As a critique of Wolf of Wall Street-esque materiality and an exploration of the contradictions hidden behind a masculine display, ‘Positions of Power’ ensures the wearer looks mad, bad and dangerously defiant. Tearing up the dull boardroom dominated by straight and white complacence, we are taking notes. Let’s see Paul Allen’s miniskirt.

Notes on Sustainability
At Latimmier sustainability is a prerequisite. For the FW23 season some 65% of all materials used were recycled or certified sustainable. The rest, while not certified, were of natural origin, such as wool, silk and leather. All of the brand’s production, including fabrics, hardware and garment production, are located within the EU. In the spring of 2023 the brand released their sustainability standards and objectives, including a thorough sustainability report – all available on their website.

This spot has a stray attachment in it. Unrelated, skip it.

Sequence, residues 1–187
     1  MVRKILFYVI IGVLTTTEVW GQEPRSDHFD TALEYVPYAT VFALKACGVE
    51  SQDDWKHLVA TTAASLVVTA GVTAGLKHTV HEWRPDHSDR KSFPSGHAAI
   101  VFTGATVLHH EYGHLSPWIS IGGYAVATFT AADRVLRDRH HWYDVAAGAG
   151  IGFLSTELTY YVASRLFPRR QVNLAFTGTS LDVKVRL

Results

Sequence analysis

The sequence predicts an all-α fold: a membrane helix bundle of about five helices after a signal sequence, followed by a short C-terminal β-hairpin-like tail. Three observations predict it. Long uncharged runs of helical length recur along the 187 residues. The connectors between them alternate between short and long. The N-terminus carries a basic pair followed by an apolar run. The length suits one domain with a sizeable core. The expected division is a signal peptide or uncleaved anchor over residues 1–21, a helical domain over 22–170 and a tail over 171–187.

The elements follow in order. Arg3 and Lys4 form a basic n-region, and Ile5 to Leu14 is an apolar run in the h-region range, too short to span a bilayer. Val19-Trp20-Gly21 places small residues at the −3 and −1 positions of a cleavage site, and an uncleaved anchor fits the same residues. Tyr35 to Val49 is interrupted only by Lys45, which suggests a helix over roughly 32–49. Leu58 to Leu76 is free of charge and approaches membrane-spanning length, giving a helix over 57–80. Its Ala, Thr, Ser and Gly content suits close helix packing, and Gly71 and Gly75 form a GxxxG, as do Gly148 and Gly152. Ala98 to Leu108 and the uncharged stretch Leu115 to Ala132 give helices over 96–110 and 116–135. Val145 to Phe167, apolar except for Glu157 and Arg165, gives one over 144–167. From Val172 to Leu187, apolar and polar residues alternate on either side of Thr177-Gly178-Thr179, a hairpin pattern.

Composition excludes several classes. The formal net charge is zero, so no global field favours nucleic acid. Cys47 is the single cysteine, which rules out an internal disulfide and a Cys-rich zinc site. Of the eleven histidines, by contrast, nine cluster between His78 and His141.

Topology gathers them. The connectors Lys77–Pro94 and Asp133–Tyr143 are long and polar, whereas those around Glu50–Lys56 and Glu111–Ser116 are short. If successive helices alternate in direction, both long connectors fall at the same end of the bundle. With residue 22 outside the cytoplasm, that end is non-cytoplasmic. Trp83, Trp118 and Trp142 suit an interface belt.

Furthermore, for Latimmier ecological sustainability goes hand in hand with social sustainability. As a brand rooted in POC queer culture, it is important for Latimmier to uplift queer and POC creatives. This also means focusing on the unsustainable norms of the industry, such as long work hours and free internships – Latimmier does not support free internships and has implemented a 4-day work week for interns and full-time staff members.Furthermore, Latimmier argues that sustainable design is not enough. In the times of fast fashion and overconsumption, fashion needs a deeper purpose that justifies its existence.

TG Botanicals

TG Botanical’s latest collection reflects a continued joy and daring, rooted in the frailty of being and matter, reminiscent of eroded metal and the Earth’s scarred surface. Chaotically stitching with an elastic thread, Tetyana Chumak conjured garments both fluid and kinetic, reflective of transience and impermanence. While colors remain based in earthy tones, cyanotypes create a specific blue that play brashly off moments of ocher. And newly added accessories, sourced from local artisans and made from old nettle cloth in limited numbers, perfectly compliment the aesthetic.